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    Psalm 144:1

  10. #54
    VIP Member Array drift's Avatar
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    I don't know about you guys, but I do both. When i'm shooting multiple targets quickly, larger targets like cans, steel, or whatever, I focus on the target. When I'm going for bullseyes and taking my time, I focus on the front sight.
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  11. #55
    Ex Member Array Dave909's Avatar
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    Quote Originally Posted by drift View Post
    I don't know about you guys, but I do both. When i'm shooting multiple targets quickly, larger targets like cans, steel, or whatever, I focus on the target. When I'm going for bullseyes and taking my time, I focus on the front sight.
    At least in my opinion, you're doing it right. Each method has its reason and its place, we don't have to throw anything out. But, hey, there will always be those that won't budge from their mindset and their way of training.
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  12. #56
    VIP Member Array Struckat's Avatar
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    Quote Originally Posted by Dave909 View Post
    Wild Bill point, whatever, but if your other fundamentals are off like grip and trigger, you won't be doing what the shooter in the video was doing. You'll still miss or make bad placed shots.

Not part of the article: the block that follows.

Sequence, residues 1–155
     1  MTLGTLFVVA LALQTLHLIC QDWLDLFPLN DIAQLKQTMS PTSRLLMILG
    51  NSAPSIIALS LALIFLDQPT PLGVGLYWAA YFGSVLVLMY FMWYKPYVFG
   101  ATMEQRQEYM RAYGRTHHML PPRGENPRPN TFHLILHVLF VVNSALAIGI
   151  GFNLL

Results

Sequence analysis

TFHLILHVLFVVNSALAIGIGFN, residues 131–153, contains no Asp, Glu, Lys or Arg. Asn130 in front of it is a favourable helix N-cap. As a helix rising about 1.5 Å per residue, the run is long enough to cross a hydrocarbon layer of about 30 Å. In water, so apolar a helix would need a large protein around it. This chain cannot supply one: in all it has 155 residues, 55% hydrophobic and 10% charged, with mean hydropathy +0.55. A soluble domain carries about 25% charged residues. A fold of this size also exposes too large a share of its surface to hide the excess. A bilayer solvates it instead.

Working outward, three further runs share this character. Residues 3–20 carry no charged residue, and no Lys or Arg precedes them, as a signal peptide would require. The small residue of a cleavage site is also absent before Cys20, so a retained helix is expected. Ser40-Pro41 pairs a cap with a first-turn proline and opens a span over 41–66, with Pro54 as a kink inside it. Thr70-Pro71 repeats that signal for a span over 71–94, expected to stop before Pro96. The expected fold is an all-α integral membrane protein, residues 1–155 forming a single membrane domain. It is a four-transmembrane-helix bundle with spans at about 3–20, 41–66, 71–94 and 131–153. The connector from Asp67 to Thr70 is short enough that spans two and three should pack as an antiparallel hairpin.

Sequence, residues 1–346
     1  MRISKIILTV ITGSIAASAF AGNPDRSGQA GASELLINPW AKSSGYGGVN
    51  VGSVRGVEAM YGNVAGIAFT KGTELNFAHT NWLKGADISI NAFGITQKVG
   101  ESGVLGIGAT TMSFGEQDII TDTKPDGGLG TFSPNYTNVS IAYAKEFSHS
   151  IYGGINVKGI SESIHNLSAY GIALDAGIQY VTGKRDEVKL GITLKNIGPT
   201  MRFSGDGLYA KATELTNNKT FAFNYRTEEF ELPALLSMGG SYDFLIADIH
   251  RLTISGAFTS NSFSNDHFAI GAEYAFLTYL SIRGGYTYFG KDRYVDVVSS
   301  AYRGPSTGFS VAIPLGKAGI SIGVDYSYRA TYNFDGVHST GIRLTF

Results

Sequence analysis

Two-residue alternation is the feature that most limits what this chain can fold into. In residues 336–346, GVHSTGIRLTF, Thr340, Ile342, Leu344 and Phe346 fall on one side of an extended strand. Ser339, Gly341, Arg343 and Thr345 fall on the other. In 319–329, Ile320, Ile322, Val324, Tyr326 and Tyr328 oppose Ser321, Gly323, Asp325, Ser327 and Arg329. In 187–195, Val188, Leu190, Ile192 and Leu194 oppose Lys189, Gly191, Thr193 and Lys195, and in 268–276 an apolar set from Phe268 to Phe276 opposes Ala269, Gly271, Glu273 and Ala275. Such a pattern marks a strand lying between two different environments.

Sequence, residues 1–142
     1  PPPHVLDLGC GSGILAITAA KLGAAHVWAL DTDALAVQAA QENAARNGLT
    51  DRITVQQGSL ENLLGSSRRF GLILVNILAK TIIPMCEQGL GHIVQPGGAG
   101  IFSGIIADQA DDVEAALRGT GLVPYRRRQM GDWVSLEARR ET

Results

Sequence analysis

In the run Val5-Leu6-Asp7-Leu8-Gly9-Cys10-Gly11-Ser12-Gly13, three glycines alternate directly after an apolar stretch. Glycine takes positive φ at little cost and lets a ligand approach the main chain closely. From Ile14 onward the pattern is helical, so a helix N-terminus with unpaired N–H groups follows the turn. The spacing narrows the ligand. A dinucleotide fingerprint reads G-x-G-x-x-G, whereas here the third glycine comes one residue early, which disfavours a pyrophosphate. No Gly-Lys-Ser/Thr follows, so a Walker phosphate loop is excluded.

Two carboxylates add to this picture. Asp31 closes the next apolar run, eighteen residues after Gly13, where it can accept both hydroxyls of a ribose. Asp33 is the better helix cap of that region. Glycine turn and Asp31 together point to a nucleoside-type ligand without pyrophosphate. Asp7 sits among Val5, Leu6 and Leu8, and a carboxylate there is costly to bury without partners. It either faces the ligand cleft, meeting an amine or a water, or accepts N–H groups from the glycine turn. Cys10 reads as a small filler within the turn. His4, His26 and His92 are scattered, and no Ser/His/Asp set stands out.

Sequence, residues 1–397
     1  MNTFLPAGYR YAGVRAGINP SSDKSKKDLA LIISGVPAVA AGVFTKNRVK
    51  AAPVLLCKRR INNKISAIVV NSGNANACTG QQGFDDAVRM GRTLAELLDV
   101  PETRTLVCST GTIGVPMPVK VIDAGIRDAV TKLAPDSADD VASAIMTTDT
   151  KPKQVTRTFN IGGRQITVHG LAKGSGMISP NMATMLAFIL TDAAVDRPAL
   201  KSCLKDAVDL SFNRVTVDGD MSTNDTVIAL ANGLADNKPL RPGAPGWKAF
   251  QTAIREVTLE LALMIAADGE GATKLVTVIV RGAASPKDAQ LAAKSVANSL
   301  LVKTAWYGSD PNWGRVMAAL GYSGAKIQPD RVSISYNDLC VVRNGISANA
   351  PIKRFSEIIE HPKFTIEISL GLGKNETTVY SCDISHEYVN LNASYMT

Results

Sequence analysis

Your callin me out?
    I shoot just as inconsistently with or without the sights. There is a time and place for each.
    But some days I just can't pull the trigger without waving the gun around no matter where I'm lookin.
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  13. #57
    Ex Member Array Dave909's Avatar
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    Don't worry, I have bad trigger days too

  14. #58
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    Countering sight fixation

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  15. #59
    Ex Member Array Dave909's Avatar
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    Didn't think I'd see the grandfather version of the police statistic being used.

  16. #60
    Distinguished Member Array Matthew Temkin's Avatar
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    The SMP were trained in all aspects of gunfighting-- from 0-25 yards--and not just point shooting-something not mentioned by Mr. Givens.
    Interesting stats but the bottom line is that the good guys killed/ wounded a lot more bad guys than vice versa.
    Put into that context I would hesitate to call the bad guys doing 15% " better" when they suffered a death rate of nearly 8-1.
    More importantly, the cops won the vast majority of the gun fights ( which is the goal of effective training, no?) and many of the dead cops were taken out by ambush.
    Which was not the case before Fairbairn drastically altered his department's training methods.
    In fact one year (1919) before Fairbairn took over as head instructor the SMP had 9 officers killed.
    Nine killed in just one year -- and back then they were trained in nothing but sighted fire techniques!
    So forgive me for not taking Tom's insinuation that point shooting is ineffective too seriously.
    Besides,there are quite a few factors besides technique that goes into properly training a professional for actual combat.
    Now let the never ending party continue.
    Mike1956 likes this.